Automation

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5 Νοε 2013 (πριν από 3 χρόνια και 7 μήνες)

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Automation






Section 404 does not mandate automated solutions for internal control systems; it doesn’t have
to! Read why the cost of auditing manual systems will drive companies to seek automated
solutions.

ection 404 does not mandate that automated
solutions must be used for IT internal
controls, compliance tests or ongoing compliance. It doesn’t have to! If you
comprehend the PCAOB standards for Section 404 audits you understand a SOX audit
will cost you more money if the controls being tested an
d evaluated are manual. This fact
alone should be sufficient motivation to consider automating your IT internal controls and testing
methodology. The more complex a
business
,
the greater will be the need for automated
solutions.
Each company's needs will
be different. The automated solutions you select will
depend upon the complexity of your business not its size.

Automated controls are assumed to be functioning properly.
Manual controls are
not. Because they rely on human
judgement they are more prone to errors.

Of course it is perfectly acceptable to use manual controls as long
as they provide “reasonable assurance” of effectiveness over the
reliability of financial reporting. But will it be
cost effective to do
so?

There are compelling reasons to automate as many of your internal controls as possible. Cost
effectiveness is one important driver. Manual controls are typically more expensive to perform
and maintain. Audit fees are sure to be hi
gher with manual or semi automated controls.


Activity Costs

The use of e
-
mail systems for alerts, notifications and authorizations; hyperlinks to online
documentation repositories, spreadsheets instead of secured databases are indeed solutions
that many s
maller companies are employing for Section 404 compliance.


The initial costs of these approaches may at first appear to be less than an automated
solution. However the activity costs associated with the management of this kind of
compliance system and th
e deficiency in security might negate the any cost savings.


Paragraph 105 of the PCAOB auditing standard has this to say about automated controls
and testing.


105. In determining the extent of procedures to perform, the auditor should design the
procedur
es to provide a high level of assurance that the control being tested is operating
effectively. In making this determination, the auditor should assess the following factors:


S

K E Y T O P I C S



Automation



Manual controls



Audit Fees



Manageability

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Nature of the control
. The auditor should subject manual controls to more exte
nsive testing
than automated controls. In some circumstances, testing a single operation of an automated
control may be sufficient to obtain a high level of assurance that the control operated
effectively, provided that information technology general contr
ols also are operating
effectively. For manual controls, sufficient evidence about the operating effectiveness of the
controls is obtained by evaluating multiple operations of the control and the results of each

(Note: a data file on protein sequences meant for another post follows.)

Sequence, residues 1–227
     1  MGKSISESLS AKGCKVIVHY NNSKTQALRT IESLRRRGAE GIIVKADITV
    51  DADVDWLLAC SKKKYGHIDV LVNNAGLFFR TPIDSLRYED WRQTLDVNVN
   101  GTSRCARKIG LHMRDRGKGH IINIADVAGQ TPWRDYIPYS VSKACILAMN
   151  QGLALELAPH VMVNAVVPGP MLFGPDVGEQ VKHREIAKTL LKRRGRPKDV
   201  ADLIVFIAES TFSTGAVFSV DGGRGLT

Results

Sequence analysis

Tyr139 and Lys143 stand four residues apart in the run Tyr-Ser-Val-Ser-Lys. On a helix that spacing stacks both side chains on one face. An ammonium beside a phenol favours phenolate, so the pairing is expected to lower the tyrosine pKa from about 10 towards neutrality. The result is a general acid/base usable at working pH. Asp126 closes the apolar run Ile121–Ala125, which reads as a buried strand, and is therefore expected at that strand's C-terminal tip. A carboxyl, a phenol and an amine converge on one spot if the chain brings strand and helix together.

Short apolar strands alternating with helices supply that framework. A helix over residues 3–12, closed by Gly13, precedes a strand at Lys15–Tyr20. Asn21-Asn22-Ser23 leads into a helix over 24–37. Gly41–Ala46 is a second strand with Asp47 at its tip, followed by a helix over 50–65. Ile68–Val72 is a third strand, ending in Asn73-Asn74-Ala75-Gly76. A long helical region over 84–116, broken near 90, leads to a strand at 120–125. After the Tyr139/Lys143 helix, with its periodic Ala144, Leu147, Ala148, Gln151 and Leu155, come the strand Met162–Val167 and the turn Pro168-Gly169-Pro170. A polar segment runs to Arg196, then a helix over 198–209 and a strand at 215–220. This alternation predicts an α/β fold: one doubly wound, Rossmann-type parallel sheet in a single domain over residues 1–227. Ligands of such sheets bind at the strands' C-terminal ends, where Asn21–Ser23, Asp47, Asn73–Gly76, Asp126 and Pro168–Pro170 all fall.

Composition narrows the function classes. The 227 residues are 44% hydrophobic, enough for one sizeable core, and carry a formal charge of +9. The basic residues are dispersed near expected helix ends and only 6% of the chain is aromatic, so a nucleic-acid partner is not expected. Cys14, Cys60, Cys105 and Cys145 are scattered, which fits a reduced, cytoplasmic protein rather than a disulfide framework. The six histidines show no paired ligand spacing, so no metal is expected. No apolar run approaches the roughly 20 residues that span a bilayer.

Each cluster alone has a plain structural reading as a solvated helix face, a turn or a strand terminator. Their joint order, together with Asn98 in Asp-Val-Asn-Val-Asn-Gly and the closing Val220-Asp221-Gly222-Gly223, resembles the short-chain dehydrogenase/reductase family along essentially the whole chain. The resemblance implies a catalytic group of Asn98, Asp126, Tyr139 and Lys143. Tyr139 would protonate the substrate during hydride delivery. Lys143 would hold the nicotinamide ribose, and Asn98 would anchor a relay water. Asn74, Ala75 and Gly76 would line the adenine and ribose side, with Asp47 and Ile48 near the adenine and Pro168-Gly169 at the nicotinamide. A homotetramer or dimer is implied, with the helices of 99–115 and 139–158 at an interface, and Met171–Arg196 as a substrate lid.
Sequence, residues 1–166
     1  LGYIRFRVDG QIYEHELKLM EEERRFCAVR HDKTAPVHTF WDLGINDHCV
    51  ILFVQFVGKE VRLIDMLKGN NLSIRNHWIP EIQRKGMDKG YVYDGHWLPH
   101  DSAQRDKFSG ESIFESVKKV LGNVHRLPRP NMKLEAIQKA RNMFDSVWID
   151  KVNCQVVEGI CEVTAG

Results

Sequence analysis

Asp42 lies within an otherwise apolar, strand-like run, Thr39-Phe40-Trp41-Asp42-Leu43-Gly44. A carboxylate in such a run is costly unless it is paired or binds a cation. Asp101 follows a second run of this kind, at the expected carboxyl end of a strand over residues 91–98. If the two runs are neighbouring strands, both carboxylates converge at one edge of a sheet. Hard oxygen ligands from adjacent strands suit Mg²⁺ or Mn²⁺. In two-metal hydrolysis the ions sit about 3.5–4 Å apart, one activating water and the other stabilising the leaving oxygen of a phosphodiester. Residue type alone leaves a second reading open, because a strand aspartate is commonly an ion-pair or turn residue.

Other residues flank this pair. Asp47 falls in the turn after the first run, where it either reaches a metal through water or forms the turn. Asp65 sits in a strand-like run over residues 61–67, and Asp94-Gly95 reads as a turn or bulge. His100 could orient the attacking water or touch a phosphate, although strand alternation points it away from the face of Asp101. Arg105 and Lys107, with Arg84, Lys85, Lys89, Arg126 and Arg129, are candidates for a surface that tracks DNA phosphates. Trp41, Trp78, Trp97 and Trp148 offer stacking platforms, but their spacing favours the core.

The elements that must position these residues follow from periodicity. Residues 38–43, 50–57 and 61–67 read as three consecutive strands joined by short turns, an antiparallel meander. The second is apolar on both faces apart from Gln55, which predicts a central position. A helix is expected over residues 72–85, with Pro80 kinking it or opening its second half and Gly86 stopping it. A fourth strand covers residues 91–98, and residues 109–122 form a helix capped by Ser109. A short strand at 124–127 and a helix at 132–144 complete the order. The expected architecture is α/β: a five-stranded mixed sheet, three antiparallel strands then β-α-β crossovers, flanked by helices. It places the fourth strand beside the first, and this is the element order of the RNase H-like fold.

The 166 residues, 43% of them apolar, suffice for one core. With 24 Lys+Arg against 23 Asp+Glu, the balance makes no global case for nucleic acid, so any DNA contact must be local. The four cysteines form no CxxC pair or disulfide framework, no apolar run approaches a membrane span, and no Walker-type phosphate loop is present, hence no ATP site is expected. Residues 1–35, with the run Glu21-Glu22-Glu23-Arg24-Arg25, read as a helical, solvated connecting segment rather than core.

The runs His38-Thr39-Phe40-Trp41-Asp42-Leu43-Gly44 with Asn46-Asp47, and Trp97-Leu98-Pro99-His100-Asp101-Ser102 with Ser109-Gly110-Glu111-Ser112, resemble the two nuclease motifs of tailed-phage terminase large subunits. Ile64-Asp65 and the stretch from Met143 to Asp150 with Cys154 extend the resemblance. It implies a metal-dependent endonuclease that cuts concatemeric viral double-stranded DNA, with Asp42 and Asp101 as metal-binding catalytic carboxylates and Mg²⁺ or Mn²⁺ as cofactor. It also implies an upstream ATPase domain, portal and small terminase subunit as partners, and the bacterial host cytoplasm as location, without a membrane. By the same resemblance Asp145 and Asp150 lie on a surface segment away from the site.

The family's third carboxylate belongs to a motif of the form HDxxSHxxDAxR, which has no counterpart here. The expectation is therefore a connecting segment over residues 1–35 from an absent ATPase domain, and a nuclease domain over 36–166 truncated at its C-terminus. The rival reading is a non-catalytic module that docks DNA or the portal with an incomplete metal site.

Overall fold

operation. The auditor also should assess th
e complexity of the controls, the significance of
the judgments that must be made in connection with their operation, and the level of
competence of the person performing the controls that is necessary for the control to
operate effectively. As the complex
ity and level of judgment increase or the level of
competence of the person performing the control decreases, the extent of the auditor's
testing should increase.



Frequency of operation
. Generally, the more frequently a manual control operates, the more

operations of the control the auditor should test. For example, for a manual control that
operates in connection with each transaction, the auditor should test multiple operations of
the control over a sufficient period of time to obtain a high level of a
ssurance that the
control operated effectively. For controls that operate less frequently, such as monthly
account
reconciliation’s
and controls over the period
-
end financial reporting process, the
auditor may test significantly fewer operations of the con
trol. However, the auditor's
evaluation of each operation of controls operating less frequently is likely to be more

extensive. For example, when evaluating the operation of a monthly exception report, the
auditor should evaluate whether the judgments made
with regard to the disposition of the
exceptions were appropriate and adequately supported.
1

Automating IT General Controls


Migrating to more automated systems will be a slow process. It should happen only after a
good understanding of the advantages of
a particular automated solution and the cost
benefits of implementation has been proven.


However, there are several areas regarding IT general controls that can be automated that
almost any company can benefit.


One of those areas is in Change Management
/Control. Many companies use help desk
applications or spreadsheets to track changes to IT infrastructure and software. This is an
adequate solution but missing some of the benefits of a full blown change management
system.






1
Auditing Standard No. 2

An Audit of Internal Control Over Financial Reporting Performed in Conjunction with An
Audit of Financial Statements
[Effective pursuant to SEC Release No. 34
-
49884; File No. PCAOB
-
2004
-
03, June 17, 2004]
http://www.pcaobus.org
http://www.pcaobus.org



65


This is particularly true in r
egards to management and end user sign
-
off and workflow. An
automated change management solution has the ability to provide online repositories of